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Canadian health tech can stimulate economic growth while positioning Canadian innovators on a global stage

Canadian health tech can stimulate economic growth while positioning Canadian innovators on a global stage

Posted by PanamericanWorld on March 15, 2016

On Jan. 13, 2016, Prime Minister Justin Trudeau announced a $20-million investment to create a Centre for Commercialization of Regenerative Medicine establishing a stem-cell therapy development facility in Toronto.

In his speech, the prime minister noted that “regenerative medicine is the future and not only is it the future, it’s a branch of medicine that Canada and the province of Ontario are actually quite good at.” And that “the medical advances and innovations happening right here in Toronto are world-class.”

I could not agree more with the prime minister’s sentiments. In 2013, I was asked to serve as the chair of the Ontario Health Innovation Council (OHIC), an advisory body that was created by the Ontario government to accelerate the adoption of new technologies in our healthcare system and support the growth and competitiveness of Ontario’s health technology sector. As chair, I led a team of experts to provide strategic advice on how Ontario could: facilitate technological innovations that promote health and well-being, improve access to health and health services, and deliver effective, efficient, and quality care; use the purchasing power of the province and broader public sector strategically to accelerate the growth of the health technology sector; and expand broader adoption of innovative new technologies across the health-care sector.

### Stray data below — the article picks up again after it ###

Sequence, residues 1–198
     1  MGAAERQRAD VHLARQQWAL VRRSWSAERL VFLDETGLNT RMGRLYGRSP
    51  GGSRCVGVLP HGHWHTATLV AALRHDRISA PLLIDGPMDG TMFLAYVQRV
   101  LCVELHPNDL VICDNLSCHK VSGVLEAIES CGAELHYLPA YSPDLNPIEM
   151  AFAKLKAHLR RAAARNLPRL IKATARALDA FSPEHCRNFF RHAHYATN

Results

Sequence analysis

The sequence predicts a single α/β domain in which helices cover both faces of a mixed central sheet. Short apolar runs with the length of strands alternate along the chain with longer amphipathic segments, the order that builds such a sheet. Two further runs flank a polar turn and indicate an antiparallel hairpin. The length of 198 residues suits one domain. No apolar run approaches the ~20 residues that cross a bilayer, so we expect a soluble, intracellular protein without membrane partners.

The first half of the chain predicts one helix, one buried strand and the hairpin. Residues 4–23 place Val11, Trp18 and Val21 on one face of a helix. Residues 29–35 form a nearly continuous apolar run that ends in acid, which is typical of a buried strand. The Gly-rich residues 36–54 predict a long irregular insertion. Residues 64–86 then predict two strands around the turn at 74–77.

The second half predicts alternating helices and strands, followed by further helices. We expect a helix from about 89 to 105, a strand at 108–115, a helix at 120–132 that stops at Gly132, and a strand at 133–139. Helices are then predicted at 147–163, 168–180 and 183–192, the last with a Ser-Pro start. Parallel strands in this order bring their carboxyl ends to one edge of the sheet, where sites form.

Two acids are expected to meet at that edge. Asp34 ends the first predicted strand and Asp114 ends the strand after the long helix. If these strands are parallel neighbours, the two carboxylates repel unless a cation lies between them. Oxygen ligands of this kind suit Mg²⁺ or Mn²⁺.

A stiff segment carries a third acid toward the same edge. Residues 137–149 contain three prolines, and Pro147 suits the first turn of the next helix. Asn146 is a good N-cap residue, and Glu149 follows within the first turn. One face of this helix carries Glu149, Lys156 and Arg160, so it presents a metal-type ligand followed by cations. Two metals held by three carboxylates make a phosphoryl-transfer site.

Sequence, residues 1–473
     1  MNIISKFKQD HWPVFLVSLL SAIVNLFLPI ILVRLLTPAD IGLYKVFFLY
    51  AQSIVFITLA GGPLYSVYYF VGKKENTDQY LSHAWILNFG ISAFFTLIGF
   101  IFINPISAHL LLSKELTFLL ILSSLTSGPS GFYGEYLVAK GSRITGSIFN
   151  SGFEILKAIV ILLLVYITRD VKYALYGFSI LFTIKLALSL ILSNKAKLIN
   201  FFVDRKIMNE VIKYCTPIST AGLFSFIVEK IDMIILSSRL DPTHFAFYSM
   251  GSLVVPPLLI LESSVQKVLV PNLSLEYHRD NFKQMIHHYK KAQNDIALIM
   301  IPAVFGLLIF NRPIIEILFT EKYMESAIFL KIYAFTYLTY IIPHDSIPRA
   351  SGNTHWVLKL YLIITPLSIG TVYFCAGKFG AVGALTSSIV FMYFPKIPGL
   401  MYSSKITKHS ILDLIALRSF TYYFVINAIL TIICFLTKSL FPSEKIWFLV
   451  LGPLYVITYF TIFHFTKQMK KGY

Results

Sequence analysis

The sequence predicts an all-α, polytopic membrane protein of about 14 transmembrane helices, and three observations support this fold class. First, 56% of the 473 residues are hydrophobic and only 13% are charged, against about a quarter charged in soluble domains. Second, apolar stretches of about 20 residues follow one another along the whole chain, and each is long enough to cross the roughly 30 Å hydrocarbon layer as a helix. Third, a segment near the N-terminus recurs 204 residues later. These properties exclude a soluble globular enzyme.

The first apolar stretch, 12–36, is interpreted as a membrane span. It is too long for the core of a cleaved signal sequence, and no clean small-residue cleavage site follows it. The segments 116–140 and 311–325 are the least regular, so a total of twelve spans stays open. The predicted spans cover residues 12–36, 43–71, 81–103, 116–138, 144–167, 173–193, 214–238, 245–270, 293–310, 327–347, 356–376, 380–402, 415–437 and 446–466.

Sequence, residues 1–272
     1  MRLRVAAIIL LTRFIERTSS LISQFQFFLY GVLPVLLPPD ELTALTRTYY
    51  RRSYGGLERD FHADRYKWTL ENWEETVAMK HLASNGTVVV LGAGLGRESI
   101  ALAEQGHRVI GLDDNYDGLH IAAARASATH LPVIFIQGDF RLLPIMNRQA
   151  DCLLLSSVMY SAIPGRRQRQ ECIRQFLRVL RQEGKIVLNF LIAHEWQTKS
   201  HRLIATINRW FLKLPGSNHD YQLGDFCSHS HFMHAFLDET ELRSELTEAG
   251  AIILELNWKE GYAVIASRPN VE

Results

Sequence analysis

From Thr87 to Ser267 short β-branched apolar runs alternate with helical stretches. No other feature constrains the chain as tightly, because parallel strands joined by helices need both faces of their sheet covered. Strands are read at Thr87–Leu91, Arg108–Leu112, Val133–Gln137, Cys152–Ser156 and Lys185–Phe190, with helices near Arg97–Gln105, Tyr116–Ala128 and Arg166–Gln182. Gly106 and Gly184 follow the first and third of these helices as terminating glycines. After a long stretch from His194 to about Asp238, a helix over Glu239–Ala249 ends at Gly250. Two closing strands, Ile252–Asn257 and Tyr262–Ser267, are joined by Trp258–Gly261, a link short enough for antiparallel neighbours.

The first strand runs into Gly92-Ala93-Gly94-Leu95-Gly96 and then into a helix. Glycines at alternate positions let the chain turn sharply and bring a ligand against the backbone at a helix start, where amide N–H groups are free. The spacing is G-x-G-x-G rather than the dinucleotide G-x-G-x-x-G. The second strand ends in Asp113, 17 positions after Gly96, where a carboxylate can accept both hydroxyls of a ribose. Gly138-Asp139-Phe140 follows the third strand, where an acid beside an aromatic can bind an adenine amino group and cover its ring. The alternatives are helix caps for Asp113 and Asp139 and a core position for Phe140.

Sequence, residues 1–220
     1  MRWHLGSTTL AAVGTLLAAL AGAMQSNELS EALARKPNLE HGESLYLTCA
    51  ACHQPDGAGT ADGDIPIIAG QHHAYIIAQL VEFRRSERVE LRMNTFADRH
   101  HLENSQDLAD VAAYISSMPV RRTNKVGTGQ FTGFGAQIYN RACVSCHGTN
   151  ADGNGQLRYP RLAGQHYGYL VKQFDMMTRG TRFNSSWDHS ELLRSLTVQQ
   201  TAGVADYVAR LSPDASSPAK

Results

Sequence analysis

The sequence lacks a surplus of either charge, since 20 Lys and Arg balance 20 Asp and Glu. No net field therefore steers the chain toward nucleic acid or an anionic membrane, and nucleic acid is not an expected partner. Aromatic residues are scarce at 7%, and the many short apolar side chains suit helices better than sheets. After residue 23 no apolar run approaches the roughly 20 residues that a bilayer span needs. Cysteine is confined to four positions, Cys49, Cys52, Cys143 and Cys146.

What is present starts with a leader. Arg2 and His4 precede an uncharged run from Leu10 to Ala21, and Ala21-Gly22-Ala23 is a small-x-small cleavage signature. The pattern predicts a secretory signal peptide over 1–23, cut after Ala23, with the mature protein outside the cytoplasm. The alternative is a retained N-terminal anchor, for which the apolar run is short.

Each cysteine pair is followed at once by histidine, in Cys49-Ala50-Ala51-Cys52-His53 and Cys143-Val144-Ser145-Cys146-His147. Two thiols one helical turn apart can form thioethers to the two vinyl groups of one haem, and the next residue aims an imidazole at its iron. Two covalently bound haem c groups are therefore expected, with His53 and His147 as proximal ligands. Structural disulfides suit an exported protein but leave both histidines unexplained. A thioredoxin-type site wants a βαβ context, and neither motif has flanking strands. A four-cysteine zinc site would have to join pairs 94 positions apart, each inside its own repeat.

A year later, Dr. David Naylor was asked to chair the Advisory Panel on Healthcare Innovation by then federal health minister Rona Ambrose. The panel was asked to identify the five most promising areas of innovation in Canada and internationally that have the potential to sustainably reduce growth in health spending while leading to improvements in the quality and accessibility of care. The panel was also asked to determine ways the federal government could support innovation in those five areas.

Both OHIC and the federal advisory panel released their reports in 2015. While both reports respected the constitutional division of powers regarding health care, they contained a number of shared themes. I believe the reports contain sufficient evidence-based analyses to serve as a baseline for FPT partners to establish a meaningful and sustained dialogue on the need for governments to invest in and create incentives for health care innovators, and knock down barriers that hamper access to those technologies when they are being developed and eventually brought to market.

While we must respect the approaches of various governmental stakeholders when it comes to their involvement in incubating health-care innovation, what is clear is that we no matter how small the actor, we all have a role to play. The newly-elected federal government can take a leading role in coordinating these efforts. 

As a former Canadian astronaut, aquanaut and former director of life sciences at NASA Johnson Space Centre, I have been fortunate to have worked with cutting-edge and innovative technologies. As president and CEO at Southlake Regional Health Centre in Newmarket, Ont., I am committed to working to help foster and incubate health-care innovation. In 2015, Southlake opened the doors of its centre of innovation, aptly named CreateIT Now. CreateIT Now is a launch-pad for great ideas and a landing site tailor-made for health care-focused innovators getting into North American markets.

In addition to the business advice one would expect from an incubator, CreateIT Now offers a unique working space at an early adopter hospital to provide access to in-market clinical expertise and advice. It is my hope that other hospitals across the country will create similar centres of innovation that will not only stimulate economic growth locally, but provide a fertile ground for potential federal and provincial investment in health care innovation.

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